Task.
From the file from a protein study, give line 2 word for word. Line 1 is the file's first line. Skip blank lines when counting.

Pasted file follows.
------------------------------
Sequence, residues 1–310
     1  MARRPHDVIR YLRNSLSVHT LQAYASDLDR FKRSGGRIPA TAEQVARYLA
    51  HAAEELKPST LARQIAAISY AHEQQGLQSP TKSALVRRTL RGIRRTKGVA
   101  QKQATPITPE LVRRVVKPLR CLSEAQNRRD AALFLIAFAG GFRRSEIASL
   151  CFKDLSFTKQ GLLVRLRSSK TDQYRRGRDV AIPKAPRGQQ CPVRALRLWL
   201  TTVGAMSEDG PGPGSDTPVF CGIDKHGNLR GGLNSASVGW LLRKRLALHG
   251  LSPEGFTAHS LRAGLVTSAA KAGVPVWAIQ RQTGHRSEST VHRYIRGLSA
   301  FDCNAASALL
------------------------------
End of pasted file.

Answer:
     1  MARRPHDVIR YLRNSLSVHT LQAYASDLDR FKRSGGRIPA TAEQVARYLA